In this astonishing and startling book, award-winning science and history writer Robert Whitaker investigates a medical mystery: Why has the number of disabled mentally ill in the United States tripled over the past two decades? Every day, 1,100 adults and children are added to the government disability rolls because they have become newly disabled by mental illness, with this epidemic spreading most rapidly among our nation’s children. What is going on?
Anatomy of an Epidemic challenges readers to think through that question themselves. First, Whitaker investigates what is known today about the biological causes of mental disorders. Do psychiatric medications fix “chemical imbalances” in the brain, or do they, in fact, create them? Researchers spent decades studying that question, and by the late 1980s, they had their answer. Readers will be startled—and dismayed—to discover what was reported in the scientific journals.
Then comes the scientific query at the heart of this book: During the past fifty years, when investigators looked at how psychiatric drugs affected long-term outcomes, what did they find? Did they discover that the drugs help people stay well? Function better? Enjoy good physical health? Or did they find that these medications, for some paradoxical reason, increase the likelihood that people will become chronically ill, less able to function well, more prone to physical illness?
This is the first book to look at the merits of psychiatric medications through the prism of long-term results. Are long-term recovery rates higher for medicated or unmedicated schizophrenia patients? Does taking an antidepressant decrease or increase the risk that a depressed person will become disabled by the disorder? Do bipolar patients fare better today than they did forty years ago, or much worse? When the National Institute of Mental Health (NIMH) studied the long-term outcomes of children with ADHD, did they determine that stimulants provide any benefit?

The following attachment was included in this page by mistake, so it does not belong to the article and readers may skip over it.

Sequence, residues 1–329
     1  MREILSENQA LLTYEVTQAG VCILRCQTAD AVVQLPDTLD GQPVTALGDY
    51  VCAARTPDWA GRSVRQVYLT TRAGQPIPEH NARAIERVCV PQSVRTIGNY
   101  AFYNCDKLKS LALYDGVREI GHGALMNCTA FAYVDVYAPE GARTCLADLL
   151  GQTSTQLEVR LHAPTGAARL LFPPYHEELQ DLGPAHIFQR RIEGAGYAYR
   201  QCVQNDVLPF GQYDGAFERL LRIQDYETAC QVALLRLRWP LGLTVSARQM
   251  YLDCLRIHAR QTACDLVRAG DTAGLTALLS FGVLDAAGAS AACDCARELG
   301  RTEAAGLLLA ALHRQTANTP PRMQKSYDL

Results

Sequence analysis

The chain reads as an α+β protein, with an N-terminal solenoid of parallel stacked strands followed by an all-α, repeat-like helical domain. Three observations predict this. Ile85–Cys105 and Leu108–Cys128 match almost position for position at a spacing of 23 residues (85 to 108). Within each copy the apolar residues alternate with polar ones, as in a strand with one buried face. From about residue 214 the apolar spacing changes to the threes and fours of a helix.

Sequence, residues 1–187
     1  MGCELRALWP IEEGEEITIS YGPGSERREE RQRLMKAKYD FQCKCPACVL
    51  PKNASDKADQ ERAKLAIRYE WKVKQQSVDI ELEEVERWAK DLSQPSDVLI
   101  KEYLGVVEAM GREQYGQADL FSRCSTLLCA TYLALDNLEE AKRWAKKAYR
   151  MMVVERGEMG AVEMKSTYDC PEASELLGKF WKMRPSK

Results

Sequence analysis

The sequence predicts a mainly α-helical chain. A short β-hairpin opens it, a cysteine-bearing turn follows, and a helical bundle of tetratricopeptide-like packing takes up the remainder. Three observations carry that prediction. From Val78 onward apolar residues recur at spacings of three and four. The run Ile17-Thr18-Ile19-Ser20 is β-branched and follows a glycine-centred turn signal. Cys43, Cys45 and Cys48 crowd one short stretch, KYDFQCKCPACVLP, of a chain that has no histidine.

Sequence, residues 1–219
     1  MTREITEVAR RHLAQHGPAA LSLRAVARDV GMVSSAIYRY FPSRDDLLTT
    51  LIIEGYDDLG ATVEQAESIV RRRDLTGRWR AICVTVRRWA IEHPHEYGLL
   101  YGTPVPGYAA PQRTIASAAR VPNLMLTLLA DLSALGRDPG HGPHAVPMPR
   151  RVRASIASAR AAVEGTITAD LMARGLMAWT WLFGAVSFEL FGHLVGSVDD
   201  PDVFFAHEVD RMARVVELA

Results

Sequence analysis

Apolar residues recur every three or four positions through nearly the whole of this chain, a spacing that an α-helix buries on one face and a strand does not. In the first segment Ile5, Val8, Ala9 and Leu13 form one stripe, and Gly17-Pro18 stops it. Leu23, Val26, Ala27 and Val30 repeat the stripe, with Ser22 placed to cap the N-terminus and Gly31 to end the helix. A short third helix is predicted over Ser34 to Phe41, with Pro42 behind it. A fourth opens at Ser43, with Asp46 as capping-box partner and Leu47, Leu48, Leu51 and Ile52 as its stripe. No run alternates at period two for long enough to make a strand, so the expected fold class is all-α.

By the end of this review of the outcomes literature, readers are certain to have a haunting question of their own: Why have the results from these long-term studies—all of which point to the same startling conclusion—been kept from the public?
In this compelling history, Whitaker also tells the personal stories of children and adults swept up in this epidemic. Finally, he reports on innovative programs of psychiatric care in Europe and the United States that are producing good long-term outcomes. Our nation has been hit by an epidemic of disabling mental illness, and yet, as Anatomy of an Epidemic reveals, the medical blueprints for curbing that epidemic have already been drawn up.
About the Author
ROBERT WHITAKER is the author of Mad in America, The Mapmaker’s Wife, and On the Laps of Gods, all of which won recognition as “notable books” of the year. His newspaper and magazine articles on the mentally ill and the pharmaceutical industry have garnered several national awards, including a George Polk Award for medical writing and a National Association of Science Writers Award for best magazine article. A series he cowrote for the Boston Globe on the abuse of mental patients in research settings was named a finalist for the Pulitzer Prize in 1998.
Table of Contents
A modern plague — Anecdotal thoughts — The roots of an epidemic — Psychiatry's magic bullets — The hunt for chemical imbalances — A paradox revealed — The benzo trap — An episodic illness turns chronic — The bipolar boom — An epidemic explained — The epidemic spreads to children — Suffer the children — The rise of an ideology — The story that was ... and wasn't told — Tallying up the profits — Blueprints for reform.
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Health and Self-Help » Health and Medicine » General Medicine